Today’s special: a tour of San Francisco’s dining history

Photo by Laura Del Russo.

Eating and drinking in a library are always forbidden – and with good reason. But that doesn’t mean you can’t learn a lot about eating and drinking from going to a library.

That’s especially true now at the SanFranciscoPublicLibrary, which has mounted one of its largest exhibitions ever, using restaurant menus and other artifacts related to the famous San Francisco dining experience. It’s called San Francisco Eats, and Chief Curator Lisa Vestal says:

LISA VESTAL: The point of the exhibition is really to highlight and display and share food history and culture in San Francisco, from the Gold Rush to the present, all the way through SlowFood.

KALW’s Steven Short met up with Vestal for a tour of San Francisco’s dining history.

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STEVEN SHORT:The “San Francisco Eats” exhibit at the Main Library is primarily about restaurants, but Chief Curator Lisa Vestal started our tour with a display of cookbooks that really drove home the phrase “Only in San Francisco.”

LISA VESTAL: There’s this one called the Naked Ladies Lunches: an Orgy of Eating. Another book behind it, TheCookingforOrgies& OtherLargeParties, and this fun little one, I love this, Where to Sin in San Francisco – a little bit of the lighter side and little bit of the subversive side, if you will, you know, often times food and sex, our guilty pleasures.

This carries over to menus, too...

VESTAL: There’s also a copy of the Trader Vic’s menu with Polynesian women in sort of seductive poses.

And that brings us to the main part of the exhibit – those menus. Yes, some have seductive drawings, and all have seductive food listings.

Today you may get the Daily Specials straight off of an inkjet printer, but most of the printed pieces on display here are from a time when “the dining experience” began when you opened the door and were handed a menu. It could be a thick document with tassels, or a couple of pages printed in the shape of a beer stein – which Tommy’s Joynt did – or a sombrero, from the old Fiesta Restaurant at Bay and Columbus. 

VESTAL:In the case of this Coffee Cantare, the whole menu – it looks like a musical score. And then, of course, there’s Roberts at the Beach, where they would often have community sing-a-longs.

And many menus in the past, whether German, Italian, Chinese or Mexican – also still known as “Spanish” in some cases – often included backgrounds on the families who owned the restaurants.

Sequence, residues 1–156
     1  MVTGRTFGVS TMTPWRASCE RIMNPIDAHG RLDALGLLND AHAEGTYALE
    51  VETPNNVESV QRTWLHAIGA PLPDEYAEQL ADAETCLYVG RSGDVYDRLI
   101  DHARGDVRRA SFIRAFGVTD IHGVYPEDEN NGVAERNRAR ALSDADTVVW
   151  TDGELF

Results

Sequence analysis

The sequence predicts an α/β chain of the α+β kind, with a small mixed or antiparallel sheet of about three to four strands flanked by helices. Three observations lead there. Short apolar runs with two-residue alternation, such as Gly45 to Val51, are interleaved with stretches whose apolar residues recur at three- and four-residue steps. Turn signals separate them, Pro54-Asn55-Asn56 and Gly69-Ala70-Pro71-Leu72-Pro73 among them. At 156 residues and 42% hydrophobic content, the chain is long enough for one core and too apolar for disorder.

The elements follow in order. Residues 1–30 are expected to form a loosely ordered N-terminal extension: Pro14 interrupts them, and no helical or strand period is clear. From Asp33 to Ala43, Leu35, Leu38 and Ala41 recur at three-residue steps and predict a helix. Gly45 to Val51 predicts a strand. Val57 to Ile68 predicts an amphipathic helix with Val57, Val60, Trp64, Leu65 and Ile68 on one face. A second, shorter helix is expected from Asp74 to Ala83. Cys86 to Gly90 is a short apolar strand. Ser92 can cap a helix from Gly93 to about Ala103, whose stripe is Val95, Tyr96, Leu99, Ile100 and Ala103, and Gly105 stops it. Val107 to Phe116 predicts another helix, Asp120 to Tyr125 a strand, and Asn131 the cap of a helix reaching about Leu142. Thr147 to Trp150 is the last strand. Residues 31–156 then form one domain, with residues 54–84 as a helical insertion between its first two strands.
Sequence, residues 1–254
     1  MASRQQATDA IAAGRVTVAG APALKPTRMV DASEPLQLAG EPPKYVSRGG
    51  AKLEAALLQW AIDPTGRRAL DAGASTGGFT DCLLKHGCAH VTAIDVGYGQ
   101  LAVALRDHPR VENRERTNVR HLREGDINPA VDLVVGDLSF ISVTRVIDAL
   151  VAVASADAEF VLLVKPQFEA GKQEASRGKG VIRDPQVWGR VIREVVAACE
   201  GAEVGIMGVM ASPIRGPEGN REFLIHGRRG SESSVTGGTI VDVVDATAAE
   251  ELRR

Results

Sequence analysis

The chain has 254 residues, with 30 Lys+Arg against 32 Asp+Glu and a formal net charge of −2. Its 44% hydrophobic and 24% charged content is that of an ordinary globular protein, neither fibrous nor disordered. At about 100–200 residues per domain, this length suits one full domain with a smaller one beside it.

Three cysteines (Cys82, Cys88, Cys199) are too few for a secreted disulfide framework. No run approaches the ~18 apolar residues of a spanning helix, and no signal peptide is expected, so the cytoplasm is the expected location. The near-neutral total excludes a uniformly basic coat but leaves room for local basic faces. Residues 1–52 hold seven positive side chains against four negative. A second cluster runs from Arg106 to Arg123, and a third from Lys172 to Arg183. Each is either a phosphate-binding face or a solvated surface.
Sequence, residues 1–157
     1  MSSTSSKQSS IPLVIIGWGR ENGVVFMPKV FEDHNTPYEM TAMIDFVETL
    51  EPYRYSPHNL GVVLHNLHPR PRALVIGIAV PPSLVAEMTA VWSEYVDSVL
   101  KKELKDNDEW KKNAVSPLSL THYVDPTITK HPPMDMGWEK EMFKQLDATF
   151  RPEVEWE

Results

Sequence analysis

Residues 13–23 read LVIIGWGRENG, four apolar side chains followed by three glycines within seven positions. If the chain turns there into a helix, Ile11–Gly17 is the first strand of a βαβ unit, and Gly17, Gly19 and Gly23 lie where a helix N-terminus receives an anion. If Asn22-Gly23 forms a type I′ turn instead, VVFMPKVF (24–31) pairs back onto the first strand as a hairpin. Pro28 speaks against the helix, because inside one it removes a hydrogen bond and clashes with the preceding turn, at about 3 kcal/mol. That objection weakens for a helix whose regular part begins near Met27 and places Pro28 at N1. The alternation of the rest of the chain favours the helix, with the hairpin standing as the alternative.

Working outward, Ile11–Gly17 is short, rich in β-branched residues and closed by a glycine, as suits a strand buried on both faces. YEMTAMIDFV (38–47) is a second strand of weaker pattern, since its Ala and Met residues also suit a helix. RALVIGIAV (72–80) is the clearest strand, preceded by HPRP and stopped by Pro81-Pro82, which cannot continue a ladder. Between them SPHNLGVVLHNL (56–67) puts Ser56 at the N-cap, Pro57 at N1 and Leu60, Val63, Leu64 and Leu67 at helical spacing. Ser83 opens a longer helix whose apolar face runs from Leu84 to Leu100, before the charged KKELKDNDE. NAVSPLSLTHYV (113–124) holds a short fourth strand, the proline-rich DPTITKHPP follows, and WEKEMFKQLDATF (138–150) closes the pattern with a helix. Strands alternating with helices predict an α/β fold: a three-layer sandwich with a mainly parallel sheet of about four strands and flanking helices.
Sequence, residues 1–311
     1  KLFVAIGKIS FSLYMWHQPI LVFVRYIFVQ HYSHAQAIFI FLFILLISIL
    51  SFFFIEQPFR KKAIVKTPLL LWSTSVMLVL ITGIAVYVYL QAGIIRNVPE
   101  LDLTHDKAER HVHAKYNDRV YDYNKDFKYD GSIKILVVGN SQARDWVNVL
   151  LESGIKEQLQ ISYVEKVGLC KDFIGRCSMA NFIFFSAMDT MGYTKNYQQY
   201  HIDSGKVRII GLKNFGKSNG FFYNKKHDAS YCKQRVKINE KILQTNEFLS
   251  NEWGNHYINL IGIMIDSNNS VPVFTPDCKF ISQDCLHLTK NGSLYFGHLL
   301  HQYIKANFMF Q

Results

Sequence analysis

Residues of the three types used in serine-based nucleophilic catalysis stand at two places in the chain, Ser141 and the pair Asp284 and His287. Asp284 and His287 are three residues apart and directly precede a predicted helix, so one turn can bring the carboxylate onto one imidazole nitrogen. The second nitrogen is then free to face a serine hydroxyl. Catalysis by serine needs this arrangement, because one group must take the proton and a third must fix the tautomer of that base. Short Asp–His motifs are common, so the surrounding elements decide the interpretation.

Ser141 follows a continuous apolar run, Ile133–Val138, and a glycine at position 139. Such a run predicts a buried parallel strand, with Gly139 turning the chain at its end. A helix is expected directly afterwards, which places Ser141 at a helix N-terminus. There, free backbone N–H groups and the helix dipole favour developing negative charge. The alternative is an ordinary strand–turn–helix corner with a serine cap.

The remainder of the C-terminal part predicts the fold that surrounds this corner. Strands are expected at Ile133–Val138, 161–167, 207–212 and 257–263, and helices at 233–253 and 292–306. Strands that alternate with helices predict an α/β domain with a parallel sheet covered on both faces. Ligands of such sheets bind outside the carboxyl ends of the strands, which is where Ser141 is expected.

VESTAL: So it’s not just the menu, and the food, but it’s really talking about where we’re from, why we chose San Francisco and how we’ve integrated our culture into San Francisco.

Vestal notes some early menus modified “exotic ethnic food” to appeal to American tastes. Chop suey, anyone? More current menus show an evolution of the items offered.

VESTAL: I feel like we’re almost getting back to some of the really nascent, true origins of some of the ethnic groups – and also interesting fusions of different ethnicities. And people really want that. They seek that out, so they’re adventurous, they want to understand it from artisan grains from Egypt to very localized food, but also mixed with ancient cultures, from all over the world.

But it’s not all evolution. There’s also devolution. The menu for Orsi’s, a noted North Beach restaurant for many years, includes this special service: “Bring in your own game and Chef Orsi will gladly prepare it for you.”

VESTAL: So, you know, you could bring in your own food, not only your own wine – your own game, in this case!

It was probably best to take your own car, too, when using this service. That haunch of venison on your shoulder might raise eyebrows on public transit.

Vestal says she hears lots of nostalgic comments when listening to visitors of San Francisco Eats.

VESTAL: “Oh, I remember that restaurant, and I started going there with my family as a kid,” or, “ That was my first grown-up dining experience.”

But the comment she hears most often is…

VESTAL: “I can’t believe the prices!” You know, “You could get a six course dining experience for two dollars!”

That might not even cover the tip for parking your car today. But you can afford to relive the good old days of San Francisco dining, because the admission price for this exhibit … is free.

In San Francisco’s Main Library, I’m Steven Short.

Catch the SF Eats exhibit until March 20. This story originally aired on February 16, 2011.